There’s Peter, The Fisherman
David, The King
Matthew, The Tax Collector
John, The Baptist
And Chance, The Rapper.
This brother is a modern day apostle. He’s breaking ground with sounds from above. His performance at the 2017 Grammys was quite possibly the most incredible (and necessary) worship experience in that stage.
As Jesse Carey reported, “Hip-hop star Chance the Rapper recently sat down with writer, actor and comedian Jordan Peele for a long interview in Teen Vogue magazine. During their conversation, Chance discussed the somewhat complicated relationship he has with labels, especially as they pertain to his outspoken Christian faith and his at-times explicit music.He told Peele, “One of my biggest fears with Coloring Book was that it would be labeled. I hate labels. I never sought out for people to recognize it as a gospel album.”
Chance also made this distinction: “I don’t make Christian rap, but I am a Christian rapper.”
Watch this for confirmation:
This past Christmas, Chance sang happy birthday to Jesus.
Again, on national television. All while smiling, swinging and giving me at least three Holy Ghost goosebumps experiences.
He’s quite possibly the most honest (and hopeful) representation of a follower of Jesus in Hollywood and mainstream media today.
He might not be the kind of worship leader we invite to our Sunday morning services, but he’s definitely the kind of worship leader Jesus loves to listen to.
“But the hour is coming, and is now here, when the true worshipers will worship the Father in spirit and truth, for the Father is seeking such people to worship him.” – Jesus in John 4:23
You see, Chance The Rapper is not trying to preach, he’s just doing him. Yet in doing so, he’s quickly becoming the most outspoken gospel singer of this generation.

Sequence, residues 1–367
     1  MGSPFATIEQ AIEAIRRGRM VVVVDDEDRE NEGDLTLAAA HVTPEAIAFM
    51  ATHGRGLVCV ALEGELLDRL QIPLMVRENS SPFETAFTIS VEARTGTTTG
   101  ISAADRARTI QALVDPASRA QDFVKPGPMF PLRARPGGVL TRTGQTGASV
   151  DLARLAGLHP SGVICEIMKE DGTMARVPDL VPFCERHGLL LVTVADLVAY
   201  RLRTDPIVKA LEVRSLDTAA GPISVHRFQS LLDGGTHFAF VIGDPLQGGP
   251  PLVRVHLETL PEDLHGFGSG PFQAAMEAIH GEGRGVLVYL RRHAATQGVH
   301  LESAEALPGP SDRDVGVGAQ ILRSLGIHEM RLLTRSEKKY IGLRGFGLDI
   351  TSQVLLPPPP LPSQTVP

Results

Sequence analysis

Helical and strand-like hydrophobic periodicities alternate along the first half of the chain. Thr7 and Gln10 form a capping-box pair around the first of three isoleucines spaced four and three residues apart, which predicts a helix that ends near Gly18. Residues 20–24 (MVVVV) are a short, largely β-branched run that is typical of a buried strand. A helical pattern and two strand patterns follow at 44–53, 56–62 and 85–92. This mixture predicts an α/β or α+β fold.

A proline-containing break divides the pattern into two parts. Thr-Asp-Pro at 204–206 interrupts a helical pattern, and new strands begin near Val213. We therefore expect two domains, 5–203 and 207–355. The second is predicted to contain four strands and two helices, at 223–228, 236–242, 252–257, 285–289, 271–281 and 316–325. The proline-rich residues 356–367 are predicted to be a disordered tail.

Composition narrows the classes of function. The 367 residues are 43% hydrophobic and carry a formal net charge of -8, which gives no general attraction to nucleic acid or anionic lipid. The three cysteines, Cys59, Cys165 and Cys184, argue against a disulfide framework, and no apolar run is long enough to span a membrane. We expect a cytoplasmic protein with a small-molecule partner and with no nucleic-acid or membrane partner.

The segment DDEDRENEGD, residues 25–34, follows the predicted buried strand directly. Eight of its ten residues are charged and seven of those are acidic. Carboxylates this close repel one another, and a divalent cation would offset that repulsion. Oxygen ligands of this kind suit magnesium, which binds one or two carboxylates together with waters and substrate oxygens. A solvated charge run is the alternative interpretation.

(Also, he’s not trying to do gospel).
The talented rapper is not pressured to live this perfect cookie-cutter life, he puts no demands on himself fit into any box. Just because he sings worships songs and calls out the name of Jesus, does not mean he stops singing about his struggles and curses.
He’s a man in process, in the journey to discover. And the beautiful thing is that he’s taking us with him through his lyrics, his free albums and his out-of-this-world performances.
I for one, am grateful to see it. And Lord knows Chance the Rapper can get me dancing and singing (but you wouldn’t be grateful to see that).
Let’s call him Chance The Preacher here, because the preaching of the good news of Jesus comes in different forms. And according to Christ himself (even if we don’t like the way they’re preaching it),
“Do not stop him, for no one who does a mighty work in my name will be able soon afterward to speak evil of me. For the one who is not against us is for us.” – Mark 9:39
Here’s the song that was birth out of that:
I agree with Tomi Obaro in her brilliant article, “Why Chance The Rapper’s Black Christian Joy Matters.” In it she writes, “Chance’s Christianity is one of inestimable joy. It’s buoyant, it’s grandiose, it’s infectious. On Coloring Book, his latest project, faith, and the inspiration he derives from it permeate the album. Even on songs that have nothing to do with Jesus, the gospel imprint is undeniable. Listen to the pitched-up choir singing sotto voce on “No Problem.” Hear the chorus of Chris Tomlin’s Christian Contemporary music standard (now almost listenable) on “How Great.” Note Kirk Franklin’s lush harmonies in the second half of “Finish Line, Drown,” and the interpolation of the Fred Hammond jam “Let the Praise Begin” in “Blessings.”
Yes, there’s still pain, drug references and curse words on his masterpiece Coloring Book (did I already say that his albums are free?)
However, Coloring Book is my favorite album of 2016 (and now into 2017). And not just my favorite music album, but my favorite worship album. It reminds me of a simpler faith, a more honest joy… and I highly recommend you support our brother Chance the Rapper as he teaches us all, how to worship God from wherever we are… because as we know, that’s what He’s looking for.